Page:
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  • Writer's pictureCrone

What I wonder about in lockdown

Did someone leave that picture there as a message of love, or dump it because the recycling centre is closed?

Do you think couples are having more or less sex? Are they bored of each other and so disinclined, or so bored that they may as well? More because life is short and sex is fun? Or less because life is short and a good orgasm can take too long? What about porn? Are men watching less because their partners are home? Or more because there really isn't that much on Netflix and Amazon Prime? Are there reader's wives in lockdown sessions available right now for our delectation?

What about exercise? I've lost a bit of weight. A mate has lost 4.5kg. In two weeks. But others admit to gaining. To be fair, it's hard not to think about food. All the time. In the middle of my sleepless nights as well as during the long undistracted days.

How much toilet roll are the toilet roll hoarders using when they, well, you know? More than the rest of us in sheer glee at having a garage full of the stuff? Will they block their drains with excess paper? And as the virus is passed in faeces, could they be charged with chemical warfare?

How unkempt will we be when we are released from the 'safe at home' time? Eyebrows like furry caterpillars, beards progressing glacially toward navels, grey, scraggling locks wisping around our hips?

Are people reading more books or just getting lost in the news and social media? How much news and social media can a brain take before it decides it would rather be in a coma?

Has anyone worn anything other than jogging bottoms and jeans or the like for the last three weeks?

Are more people than usual dying of heart attacks and the like because they are too afraid of going to A&E? Has the suicide rate actually increased as one person told me? Or are fewer people dying on the roads, in work-related accidents and through polluted air (the number of deaths directly related to air pollution is actually shocking - and apparently air quality has improved)?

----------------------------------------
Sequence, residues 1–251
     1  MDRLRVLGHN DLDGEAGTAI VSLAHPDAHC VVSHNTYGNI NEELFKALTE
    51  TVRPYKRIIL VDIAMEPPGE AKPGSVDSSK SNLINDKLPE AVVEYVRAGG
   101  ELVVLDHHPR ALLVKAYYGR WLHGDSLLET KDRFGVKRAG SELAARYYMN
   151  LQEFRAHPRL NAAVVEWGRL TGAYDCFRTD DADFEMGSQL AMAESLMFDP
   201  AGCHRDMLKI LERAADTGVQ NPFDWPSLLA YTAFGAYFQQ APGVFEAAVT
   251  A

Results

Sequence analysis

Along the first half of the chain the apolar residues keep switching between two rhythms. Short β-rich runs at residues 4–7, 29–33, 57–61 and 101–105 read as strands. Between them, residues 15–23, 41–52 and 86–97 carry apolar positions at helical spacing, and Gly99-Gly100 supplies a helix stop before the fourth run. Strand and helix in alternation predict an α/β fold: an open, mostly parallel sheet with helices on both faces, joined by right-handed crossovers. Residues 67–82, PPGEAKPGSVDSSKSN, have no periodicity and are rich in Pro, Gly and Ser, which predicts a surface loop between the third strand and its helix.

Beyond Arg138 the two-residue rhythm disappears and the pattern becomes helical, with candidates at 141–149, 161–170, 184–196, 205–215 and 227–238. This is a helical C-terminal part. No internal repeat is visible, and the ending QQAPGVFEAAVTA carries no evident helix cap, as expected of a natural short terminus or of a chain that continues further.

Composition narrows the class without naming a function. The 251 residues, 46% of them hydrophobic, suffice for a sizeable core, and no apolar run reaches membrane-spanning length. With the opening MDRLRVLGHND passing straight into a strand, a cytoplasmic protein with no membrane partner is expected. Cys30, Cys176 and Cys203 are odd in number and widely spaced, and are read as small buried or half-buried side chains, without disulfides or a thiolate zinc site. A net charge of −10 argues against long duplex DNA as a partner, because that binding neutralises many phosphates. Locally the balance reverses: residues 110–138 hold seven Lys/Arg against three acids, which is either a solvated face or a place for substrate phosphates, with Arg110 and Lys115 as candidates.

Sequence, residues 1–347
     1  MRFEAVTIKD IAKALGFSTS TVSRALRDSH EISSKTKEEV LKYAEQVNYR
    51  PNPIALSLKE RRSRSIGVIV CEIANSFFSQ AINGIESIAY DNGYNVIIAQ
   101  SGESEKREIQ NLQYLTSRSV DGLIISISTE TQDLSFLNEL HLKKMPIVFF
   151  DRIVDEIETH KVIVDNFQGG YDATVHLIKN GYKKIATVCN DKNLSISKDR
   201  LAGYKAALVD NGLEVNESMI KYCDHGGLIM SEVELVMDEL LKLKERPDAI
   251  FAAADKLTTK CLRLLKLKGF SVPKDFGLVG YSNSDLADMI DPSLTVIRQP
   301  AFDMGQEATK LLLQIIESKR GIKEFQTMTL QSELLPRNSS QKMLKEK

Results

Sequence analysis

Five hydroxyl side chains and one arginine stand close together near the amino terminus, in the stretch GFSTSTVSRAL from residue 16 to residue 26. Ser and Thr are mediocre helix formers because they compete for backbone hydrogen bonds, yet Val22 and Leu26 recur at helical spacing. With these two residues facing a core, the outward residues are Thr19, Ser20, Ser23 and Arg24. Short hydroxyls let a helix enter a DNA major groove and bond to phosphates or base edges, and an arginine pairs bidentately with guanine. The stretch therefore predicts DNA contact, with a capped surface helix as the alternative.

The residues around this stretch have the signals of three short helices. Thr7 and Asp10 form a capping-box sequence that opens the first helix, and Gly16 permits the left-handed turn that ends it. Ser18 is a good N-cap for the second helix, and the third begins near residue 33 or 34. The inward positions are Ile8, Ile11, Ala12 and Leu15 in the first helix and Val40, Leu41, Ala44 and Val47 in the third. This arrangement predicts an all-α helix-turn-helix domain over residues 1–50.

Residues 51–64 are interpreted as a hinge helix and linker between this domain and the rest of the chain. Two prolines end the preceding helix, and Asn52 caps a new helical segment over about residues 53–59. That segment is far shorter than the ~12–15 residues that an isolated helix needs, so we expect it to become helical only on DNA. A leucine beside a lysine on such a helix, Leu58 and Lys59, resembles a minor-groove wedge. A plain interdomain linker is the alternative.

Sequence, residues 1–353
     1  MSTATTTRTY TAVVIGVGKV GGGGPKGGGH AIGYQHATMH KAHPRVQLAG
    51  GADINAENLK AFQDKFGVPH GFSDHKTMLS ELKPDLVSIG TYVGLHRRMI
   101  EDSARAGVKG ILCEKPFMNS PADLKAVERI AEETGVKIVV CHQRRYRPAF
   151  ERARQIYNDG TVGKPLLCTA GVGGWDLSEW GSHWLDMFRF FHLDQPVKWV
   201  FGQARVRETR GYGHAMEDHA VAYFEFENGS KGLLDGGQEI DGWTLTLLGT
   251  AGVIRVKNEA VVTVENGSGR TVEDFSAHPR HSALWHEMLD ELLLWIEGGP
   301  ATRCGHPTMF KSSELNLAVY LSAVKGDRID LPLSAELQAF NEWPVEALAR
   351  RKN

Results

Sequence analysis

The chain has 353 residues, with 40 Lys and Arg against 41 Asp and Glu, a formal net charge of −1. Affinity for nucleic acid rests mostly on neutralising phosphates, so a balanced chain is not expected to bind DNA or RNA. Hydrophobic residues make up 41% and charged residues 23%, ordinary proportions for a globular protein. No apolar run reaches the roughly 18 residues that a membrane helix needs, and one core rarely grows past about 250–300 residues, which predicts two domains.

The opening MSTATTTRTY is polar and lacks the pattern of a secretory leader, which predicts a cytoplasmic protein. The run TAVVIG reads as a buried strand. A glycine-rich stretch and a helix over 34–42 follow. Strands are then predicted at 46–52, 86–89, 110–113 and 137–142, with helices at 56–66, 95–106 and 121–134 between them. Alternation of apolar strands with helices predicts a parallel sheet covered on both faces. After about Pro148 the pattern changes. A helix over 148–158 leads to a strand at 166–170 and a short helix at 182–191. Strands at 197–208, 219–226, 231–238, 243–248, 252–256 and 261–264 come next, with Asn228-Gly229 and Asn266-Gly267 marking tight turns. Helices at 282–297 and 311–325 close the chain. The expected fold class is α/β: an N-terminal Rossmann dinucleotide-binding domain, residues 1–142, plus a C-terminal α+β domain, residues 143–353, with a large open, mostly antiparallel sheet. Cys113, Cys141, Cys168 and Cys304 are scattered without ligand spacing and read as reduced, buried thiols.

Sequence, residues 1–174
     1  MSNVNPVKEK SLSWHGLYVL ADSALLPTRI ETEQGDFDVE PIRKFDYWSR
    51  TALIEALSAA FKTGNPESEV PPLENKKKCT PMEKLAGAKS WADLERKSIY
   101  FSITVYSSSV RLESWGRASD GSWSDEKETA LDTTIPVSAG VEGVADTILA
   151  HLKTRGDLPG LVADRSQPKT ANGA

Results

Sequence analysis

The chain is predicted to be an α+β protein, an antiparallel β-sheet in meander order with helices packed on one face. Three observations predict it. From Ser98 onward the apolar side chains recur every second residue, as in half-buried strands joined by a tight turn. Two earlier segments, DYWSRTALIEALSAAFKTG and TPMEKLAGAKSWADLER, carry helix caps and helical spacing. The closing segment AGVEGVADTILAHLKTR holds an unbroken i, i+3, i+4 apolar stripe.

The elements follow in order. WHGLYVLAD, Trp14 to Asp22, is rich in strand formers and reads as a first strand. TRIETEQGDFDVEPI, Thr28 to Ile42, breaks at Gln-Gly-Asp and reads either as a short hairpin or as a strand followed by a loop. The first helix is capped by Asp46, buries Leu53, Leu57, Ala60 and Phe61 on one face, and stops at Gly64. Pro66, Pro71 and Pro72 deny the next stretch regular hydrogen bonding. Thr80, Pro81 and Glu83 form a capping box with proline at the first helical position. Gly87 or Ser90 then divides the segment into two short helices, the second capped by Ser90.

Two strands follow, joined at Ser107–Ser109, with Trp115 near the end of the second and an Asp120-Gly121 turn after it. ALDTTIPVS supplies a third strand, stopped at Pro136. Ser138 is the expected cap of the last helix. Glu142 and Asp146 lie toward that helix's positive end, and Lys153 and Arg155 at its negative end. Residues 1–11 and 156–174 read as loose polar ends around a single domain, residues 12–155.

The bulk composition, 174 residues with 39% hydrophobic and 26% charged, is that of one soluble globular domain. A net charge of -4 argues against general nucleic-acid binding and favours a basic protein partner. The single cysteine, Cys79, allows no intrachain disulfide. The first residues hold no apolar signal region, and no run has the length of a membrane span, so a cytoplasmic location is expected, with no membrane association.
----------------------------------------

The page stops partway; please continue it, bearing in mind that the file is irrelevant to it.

Are kids learning more and faster in their online classes than they usually do at school? Are they learning how to be in a nuclear family and starting to help around the house, paint rainbows and feel the sense of communal activism?

Will people move from commuting to home working? Will the communal spirit extend beyond corona-time? Will society improve in manifold ways after we've all had this reality check? Will we start to realise that we don't need so much stuff and so much busyness? Will we find new hobbies, interests and passions that are meaningful to us and invest our lives in things that matter more to us?

Or will we be so poor and the economy so broken that the welfare system falls apart and capitalism cranks up to exploit wage labour and make profit in the name of rebuilding society in an even more dramatically unpleasant form? Will we be more polarised, nationalistic and ungenerous, condemning, judging and excluding because if 'they' hadn't done 'that' everything would have been just fine, thank you very much.

Apparently, soap operas can no longer be broadcast weekly as they can't make more episodes so they're rationing them out. Will the supplies last until we're released? (I can't say I care, but people do.)

Will more people want to move house afterwards, being sick and tired of these darn four walls? Or will they never want to go outside again into the scary plague-world of the 2020s?

Are people actually using the yeast and the flour they desperately wanted or, with bread still on the shelves and in their trolleys, will they chuck it away three years from now unable to remember why on earth they bought it?

Will anyone, at all, learn anything from this? Like, that there will be another? Like, that climate change is actually far, far worse, because there will never be a vaccine for that?

How many people are sitting now writing pandemic novels and how many of the few that reach publication will be worth reading?

Will we see that wild food markets and global travel are not actually the only things that are wrong. Factory farming and consumerism, exploitation and tribalism, environmental devastation and skewed priorities, ignorance and exclusion, austerity politics and short-sightedness, bigotry and pettiness, bad communication and misinformation - there are so many different causes for the next potentially species defining disaster. This is just one. We're all, or at least nearly all, in our own ways a tiny bit or a bigger bit responsible for the next catastrophe. It's not 'their' fault or 'their' problem - in the bigger picture, it's ours.

None of us have totally clean hands. However often we wash them.

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